Yesterday was Veteran’s Day in the United States. Being a U.S. Air Force veteran, as well as the daughter of a Navy veteran, and the granddaughter of and Army veteran, it was a special day for me personally. I saw a lot of status updates on Facebook, and a lot of tweets on Twitter, expressing gratitude to veterans, and to those who currently serve all over the world. It’s gratifying to see that kind of support and sentiment from so many people, regardless of whether they’re Democrat or Republican. While stating gratitude on Facebook and Twitter on Veteran’s Day is wonderful, some people may wish to more actively support the men and women who are sacrificing so much, not just on one day, but all year long. One way to do that is through Cell Phones for Soldiers. Cell Phones for Soldiers was started by 13-year-old Brittany Bergquist and her 12-year-old brother Robbie in April 2004. Brittany heard a news report about how military members have difficult calling home, either because they don’t have easy access to communications, or they simply can’t afford it. Deployed units usually provide phones that their members are able to use, but one phone for a unit that may be comprised of one hundred people or more isn’t very accommodating. Members must rely on public phones, and calling home with phone cards. But those costs add up. Many military members are more focused on making sure their families back home are taken care of than on spending money for a phone card. Families sometimes go for weeks or months without being able to actually talk to their deployed husband, wife, son, daughter, or parent, and that just makes being away much more difficult. Brittany and Robbie decided to help. Six years after hearing that news story, Cell Phones for Soldiers collects used cell phones, turns them in to recycling centers, and uses the profits to buy and distributed prepaid calling cards to military members deployed and stationed all over the world. The program now has more than 6,000 collection sites around the United States, many of which are hosted by local businesses, has collected more than $1 million, and has provided more than 75,000 phone cards to military members. One business that has become very involved in the Cell Phones for Soldiers effort is AT&T. As part of their own cell phone recycling program, the carrier also collects phones for Cell Phones for Soldiers. AT&T stores around the country serve as drop-off points for old cell phones. Use the form on their website to find one near you. The Cell Phones for Solider site also has a tool to help you find a place to donate your old cell phone. If you don’t have an old cell phone to donate, you can still support in a couple of other ways. Cell Phones for Soldiers also accepts cash donations to keep their program running, and they welcome new businesses, schools, and organizations that wish to become official collection points. Next time you upgrade or replace your cell phone, consider donating your old one to a good cause. At the very least, recycle your cell phone rather than just throwing it away.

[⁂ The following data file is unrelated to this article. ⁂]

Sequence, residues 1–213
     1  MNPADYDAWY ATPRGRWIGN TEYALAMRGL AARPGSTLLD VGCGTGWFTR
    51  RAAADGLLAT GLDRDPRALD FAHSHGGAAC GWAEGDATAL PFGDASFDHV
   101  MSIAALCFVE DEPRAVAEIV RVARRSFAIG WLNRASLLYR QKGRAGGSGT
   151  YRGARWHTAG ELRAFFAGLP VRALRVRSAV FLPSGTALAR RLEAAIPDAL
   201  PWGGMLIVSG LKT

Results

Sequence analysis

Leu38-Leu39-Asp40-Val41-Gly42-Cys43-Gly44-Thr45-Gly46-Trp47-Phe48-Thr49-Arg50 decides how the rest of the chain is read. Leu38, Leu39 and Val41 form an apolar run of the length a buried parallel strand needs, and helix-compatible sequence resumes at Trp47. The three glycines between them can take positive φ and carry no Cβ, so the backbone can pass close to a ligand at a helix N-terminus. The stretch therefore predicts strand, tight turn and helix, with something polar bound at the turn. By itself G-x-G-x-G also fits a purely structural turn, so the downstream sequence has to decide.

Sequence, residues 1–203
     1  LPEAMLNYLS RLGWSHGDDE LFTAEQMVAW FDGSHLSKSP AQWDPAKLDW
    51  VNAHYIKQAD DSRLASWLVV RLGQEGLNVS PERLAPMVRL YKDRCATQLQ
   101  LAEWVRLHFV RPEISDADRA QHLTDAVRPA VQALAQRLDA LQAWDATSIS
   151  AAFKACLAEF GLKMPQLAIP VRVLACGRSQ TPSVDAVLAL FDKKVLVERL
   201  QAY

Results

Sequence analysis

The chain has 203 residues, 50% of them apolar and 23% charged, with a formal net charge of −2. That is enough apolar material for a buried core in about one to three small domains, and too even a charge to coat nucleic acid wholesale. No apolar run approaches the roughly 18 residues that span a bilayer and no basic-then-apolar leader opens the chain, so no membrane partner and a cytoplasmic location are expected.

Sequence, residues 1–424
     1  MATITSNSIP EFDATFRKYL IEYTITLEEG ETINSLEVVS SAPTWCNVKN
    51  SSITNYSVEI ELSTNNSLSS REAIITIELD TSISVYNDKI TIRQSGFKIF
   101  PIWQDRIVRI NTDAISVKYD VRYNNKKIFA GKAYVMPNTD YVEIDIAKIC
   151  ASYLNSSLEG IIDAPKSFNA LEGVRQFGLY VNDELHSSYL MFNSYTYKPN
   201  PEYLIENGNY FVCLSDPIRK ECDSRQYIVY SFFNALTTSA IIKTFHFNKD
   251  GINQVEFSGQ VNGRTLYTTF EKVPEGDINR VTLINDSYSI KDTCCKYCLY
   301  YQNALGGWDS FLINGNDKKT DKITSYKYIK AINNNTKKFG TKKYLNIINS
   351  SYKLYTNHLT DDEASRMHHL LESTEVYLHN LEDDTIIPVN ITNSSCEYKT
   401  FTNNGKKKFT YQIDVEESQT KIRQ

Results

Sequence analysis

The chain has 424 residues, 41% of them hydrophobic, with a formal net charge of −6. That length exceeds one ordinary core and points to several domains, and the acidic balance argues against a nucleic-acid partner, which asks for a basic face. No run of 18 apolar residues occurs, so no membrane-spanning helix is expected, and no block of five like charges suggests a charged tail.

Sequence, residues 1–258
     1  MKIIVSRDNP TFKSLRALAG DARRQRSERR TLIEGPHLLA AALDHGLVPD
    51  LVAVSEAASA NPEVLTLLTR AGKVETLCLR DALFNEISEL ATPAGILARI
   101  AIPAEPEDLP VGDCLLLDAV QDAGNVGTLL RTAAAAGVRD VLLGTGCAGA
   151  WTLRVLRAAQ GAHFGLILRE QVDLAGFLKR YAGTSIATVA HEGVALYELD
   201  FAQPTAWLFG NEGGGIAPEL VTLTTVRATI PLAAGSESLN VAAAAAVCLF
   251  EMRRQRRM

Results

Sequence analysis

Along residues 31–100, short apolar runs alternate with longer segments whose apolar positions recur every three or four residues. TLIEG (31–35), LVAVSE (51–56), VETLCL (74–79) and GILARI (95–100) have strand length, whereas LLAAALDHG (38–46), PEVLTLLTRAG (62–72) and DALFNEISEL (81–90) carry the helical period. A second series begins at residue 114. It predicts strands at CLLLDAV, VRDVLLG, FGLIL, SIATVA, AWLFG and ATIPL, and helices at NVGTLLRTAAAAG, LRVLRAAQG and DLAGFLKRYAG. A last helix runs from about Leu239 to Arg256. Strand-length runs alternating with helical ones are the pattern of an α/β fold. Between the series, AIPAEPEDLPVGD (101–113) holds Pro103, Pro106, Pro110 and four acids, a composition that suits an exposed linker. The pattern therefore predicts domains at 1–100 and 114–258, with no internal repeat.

Support Troops With Cell Phones
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